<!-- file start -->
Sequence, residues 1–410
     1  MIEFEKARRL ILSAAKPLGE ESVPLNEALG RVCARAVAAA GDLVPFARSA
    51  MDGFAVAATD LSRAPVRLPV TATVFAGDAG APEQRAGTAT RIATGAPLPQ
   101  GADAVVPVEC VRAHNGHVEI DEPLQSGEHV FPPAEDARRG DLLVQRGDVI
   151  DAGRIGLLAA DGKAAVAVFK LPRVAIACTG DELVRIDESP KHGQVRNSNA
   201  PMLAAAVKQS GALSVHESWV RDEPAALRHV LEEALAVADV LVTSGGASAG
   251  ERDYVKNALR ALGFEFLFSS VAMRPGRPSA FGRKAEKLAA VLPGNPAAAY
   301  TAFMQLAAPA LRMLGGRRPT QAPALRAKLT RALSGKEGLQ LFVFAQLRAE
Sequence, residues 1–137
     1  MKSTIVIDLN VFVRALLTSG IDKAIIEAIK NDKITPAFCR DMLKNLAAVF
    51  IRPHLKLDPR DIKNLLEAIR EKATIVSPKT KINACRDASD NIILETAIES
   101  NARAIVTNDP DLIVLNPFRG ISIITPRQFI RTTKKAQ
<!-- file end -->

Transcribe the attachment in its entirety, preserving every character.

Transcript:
Sequence, residues 1–410
     1  MIEFEKARRL ILSAAKPLGE ESVPLNEALG RVCARAVAAA GDLVPFARSA
    51  MDGFAVAATD LSRAPVRLPV TATVFAGDAG APEQRAGTAT RIATGAPLPQ
   101  GADAVVPVEC VRAHNGHVEI DEPLQSGEHV FPPAEDARRG DLLVQRGDVI
   151  DAGRIGLLAA DGKAAVAVFK LPRVAIACTG DELVRIDESP KHGQVRNSNA
   201  PMLAAAVKQS GALSVHESWV RDEPAALRHV LEEALAVADV LVTSGGASAG
   251  ERDYVKNALR ALGFEFLFSS VAMRPGRPSA FGRKAEKLAA VLPGNPAAAY
   301  TAFMQLAAPA LRMLGGRRPT QAPALRAKLT RALSGKEGLQ LFVFAQLRAE
Sequence, residues 1–137
     1  MKSTIVIDLN VFVRALLTSG IDKAIIEAIK NDKITPAFCR DMLKNLAAVF
    51  IRPHLKLDPR DIKNLLEAIR EKATIVSPKT KINACRDASD NIILETAIES
   101  NARAIVTNDP DLIVLNPFRG ISIITPRQFI RTTKKAQ